Just hours before a widely expected, and much needed to restore investor confidence, rate hike by the Turkish central bank, President Recep Erdogan decided to attackd the central bank out of the blue for “continuously missing inflation targets” just two hours before the bank announces its interest rates decision.
“I have never seen the central bank meeting its year-end inflation forecast,” Erdogan said in speech at Confederation of Turkish Tradesmen and Craftsmen meeting in Ankara.
Stating that inflation is the result of wrong steps by central bank, Erdogan warned the central bank saying that Turkey “should cut this high interest rate“, even as economists and traders expect another rate hike of as much as 400 bps to be announced shortly. While bashing the bank, Erdogan repeated his bizarre “theory” on the relationship between interest rates and inflation, saying that rate hikes only lead to faster price gains.
Erdogan claimed that “interest rate is the reason, inflation is the result” and said that “if you are saying the opposite, you don’t know this business.”
While conventional economics says that higher rates slow demand and lower inflation, Erdogan has long preached the opposite even as the market repeatedly told him he is wrong, sending the lira crashing in recent months and making it one of the worst performing currencies of 2018, plunging over 41% YTD.
Erdogan also said that Turkey “will suspend some tendered projects” that haven’t started yet, and explained that his “sensitivity on interest rates remains the same” even as he clarified that the central bank is independent and will take its own decisions, even as he made it painfully clear that a major rate hike will be frowned upon.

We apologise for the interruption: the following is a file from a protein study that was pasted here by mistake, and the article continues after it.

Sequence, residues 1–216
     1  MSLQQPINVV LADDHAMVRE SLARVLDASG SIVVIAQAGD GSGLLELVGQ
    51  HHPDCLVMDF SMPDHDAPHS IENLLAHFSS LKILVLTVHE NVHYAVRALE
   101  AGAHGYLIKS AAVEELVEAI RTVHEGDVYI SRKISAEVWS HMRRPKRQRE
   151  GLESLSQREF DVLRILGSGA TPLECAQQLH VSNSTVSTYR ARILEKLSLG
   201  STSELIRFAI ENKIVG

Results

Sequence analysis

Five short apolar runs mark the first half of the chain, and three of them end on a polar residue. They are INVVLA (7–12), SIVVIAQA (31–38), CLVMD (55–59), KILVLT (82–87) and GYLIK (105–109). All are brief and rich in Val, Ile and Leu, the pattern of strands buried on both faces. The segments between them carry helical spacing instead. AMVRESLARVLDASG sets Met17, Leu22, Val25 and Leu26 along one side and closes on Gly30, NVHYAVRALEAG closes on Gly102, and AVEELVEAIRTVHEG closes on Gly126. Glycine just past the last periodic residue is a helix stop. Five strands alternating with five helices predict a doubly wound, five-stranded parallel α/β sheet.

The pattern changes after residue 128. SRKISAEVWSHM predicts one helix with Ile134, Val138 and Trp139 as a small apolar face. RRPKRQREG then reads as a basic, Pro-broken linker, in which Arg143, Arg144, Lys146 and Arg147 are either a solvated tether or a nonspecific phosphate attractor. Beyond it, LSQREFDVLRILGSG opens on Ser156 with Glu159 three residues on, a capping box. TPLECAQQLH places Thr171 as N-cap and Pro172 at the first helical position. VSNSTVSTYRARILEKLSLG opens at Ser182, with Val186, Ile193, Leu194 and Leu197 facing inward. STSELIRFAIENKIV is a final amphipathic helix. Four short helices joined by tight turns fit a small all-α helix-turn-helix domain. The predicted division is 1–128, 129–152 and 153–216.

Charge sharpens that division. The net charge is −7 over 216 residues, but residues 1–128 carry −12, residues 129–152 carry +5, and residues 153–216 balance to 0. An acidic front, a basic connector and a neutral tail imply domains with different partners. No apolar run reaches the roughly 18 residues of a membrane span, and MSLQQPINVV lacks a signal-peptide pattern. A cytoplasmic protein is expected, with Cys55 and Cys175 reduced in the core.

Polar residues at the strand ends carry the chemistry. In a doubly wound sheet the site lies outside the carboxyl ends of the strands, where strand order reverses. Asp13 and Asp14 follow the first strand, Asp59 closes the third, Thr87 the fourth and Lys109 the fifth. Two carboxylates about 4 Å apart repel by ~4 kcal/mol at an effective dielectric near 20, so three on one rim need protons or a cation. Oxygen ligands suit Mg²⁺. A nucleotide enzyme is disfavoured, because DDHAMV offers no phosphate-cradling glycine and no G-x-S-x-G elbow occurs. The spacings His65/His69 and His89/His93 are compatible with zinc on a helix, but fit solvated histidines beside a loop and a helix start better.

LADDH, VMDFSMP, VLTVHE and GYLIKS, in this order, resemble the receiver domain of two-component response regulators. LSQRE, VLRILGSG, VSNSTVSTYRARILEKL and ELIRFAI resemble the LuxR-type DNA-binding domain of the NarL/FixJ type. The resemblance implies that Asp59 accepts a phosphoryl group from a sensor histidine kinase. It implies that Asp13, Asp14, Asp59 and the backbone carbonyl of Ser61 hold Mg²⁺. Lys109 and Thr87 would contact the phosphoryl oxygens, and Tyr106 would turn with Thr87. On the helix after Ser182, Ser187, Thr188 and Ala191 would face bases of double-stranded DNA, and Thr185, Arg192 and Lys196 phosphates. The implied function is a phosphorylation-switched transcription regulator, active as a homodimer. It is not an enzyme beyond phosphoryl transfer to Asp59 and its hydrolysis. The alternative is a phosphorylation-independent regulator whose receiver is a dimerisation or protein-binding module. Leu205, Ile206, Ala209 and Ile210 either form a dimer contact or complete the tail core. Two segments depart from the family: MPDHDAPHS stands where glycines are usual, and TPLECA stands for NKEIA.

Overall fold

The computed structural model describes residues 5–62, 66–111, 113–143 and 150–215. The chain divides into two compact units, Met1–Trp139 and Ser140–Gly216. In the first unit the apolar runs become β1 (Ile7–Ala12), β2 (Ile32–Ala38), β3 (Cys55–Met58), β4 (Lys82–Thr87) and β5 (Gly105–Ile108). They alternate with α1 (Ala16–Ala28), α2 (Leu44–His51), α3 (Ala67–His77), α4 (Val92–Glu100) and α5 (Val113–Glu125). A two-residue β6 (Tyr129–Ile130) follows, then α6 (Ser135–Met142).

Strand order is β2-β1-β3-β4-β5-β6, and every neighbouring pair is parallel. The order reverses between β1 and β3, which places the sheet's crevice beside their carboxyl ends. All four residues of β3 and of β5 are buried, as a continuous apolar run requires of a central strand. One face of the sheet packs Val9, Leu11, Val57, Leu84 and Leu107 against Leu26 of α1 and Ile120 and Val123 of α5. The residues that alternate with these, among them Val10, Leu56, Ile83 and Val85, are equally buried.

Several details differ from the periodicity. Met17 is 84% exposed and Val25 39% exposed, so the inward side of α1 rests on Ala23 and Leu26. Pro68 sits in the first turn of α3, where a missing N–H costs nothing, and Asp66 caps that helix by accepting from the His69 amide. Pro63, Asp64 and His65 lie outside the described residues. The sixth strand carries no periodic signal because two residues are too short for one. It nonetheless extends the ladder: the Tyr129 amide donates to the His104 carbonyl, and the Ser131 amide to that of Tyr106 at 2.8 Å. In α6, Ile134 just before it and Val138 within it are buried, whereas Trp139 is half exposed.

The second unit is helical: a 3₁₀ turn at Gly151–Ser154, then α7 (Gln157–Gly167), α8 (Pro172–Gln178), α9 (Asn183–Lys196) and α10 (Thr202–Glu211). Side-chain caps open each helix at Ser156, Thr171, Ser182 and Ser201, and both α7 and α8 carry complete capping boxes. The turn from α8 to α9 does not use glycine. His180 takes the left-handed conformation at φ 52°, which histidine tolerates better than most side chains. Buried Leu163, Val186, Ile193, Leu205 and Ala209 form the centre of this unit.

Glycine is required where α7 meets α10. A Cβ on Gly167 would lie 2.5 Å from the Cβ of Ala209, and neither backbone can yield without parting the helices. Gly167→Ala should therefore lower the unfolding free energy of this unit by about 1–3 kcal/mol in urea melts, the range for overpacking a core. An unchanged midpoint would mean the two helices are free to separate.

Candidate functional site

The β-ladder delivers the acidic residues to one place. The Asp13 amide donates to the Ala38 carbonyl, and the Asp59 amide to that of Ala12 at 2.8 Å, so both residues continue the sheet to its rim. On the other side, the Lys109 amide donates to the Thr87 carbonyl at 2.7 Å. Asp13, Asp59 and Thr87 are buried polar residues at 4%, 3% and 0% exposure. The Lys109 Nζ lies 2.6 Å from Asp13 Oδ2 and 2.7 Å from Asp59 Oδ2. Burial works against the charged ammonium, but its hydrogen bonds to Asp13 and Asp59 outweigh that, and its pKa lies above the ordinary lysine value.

“This is not a crisis, it’s a manipulation” he concluded.
The Turkish central bank is set to announce its benchmark one-week policy rate at 2 pm in Istanbul. The median estimate in a Bloomberg survey forecast the rate would be increased to 21 percent from 17.75%.
And following a few weeks of calm, the TRY promptly crashed, tumbling as much as 3% on Erdogan’s comments, which will now make any announcement by the central bank moot as traders panic what Erdogan may do even if the CBRT does hike rates as expected.
One potential silver lining: as Bloomberg’s Mark Cudmore points out, “by the sounds of things, there’s a possibility for some form of capital controls will be implemented, potentially killing speculative lira shorts.” And while that might save the lira from collapse in the short-run, “it will hurt the economy for a long-time to come.”
The iShares MSCI Turkey Investable Market Index Fund (TUR) fell $0.80 (-3.82%) in premarket trading Thursday. Year-to-date, TUR has declined -51.77%, versus a 8.78% rise in the benchmark S&P 500 index during the same period.
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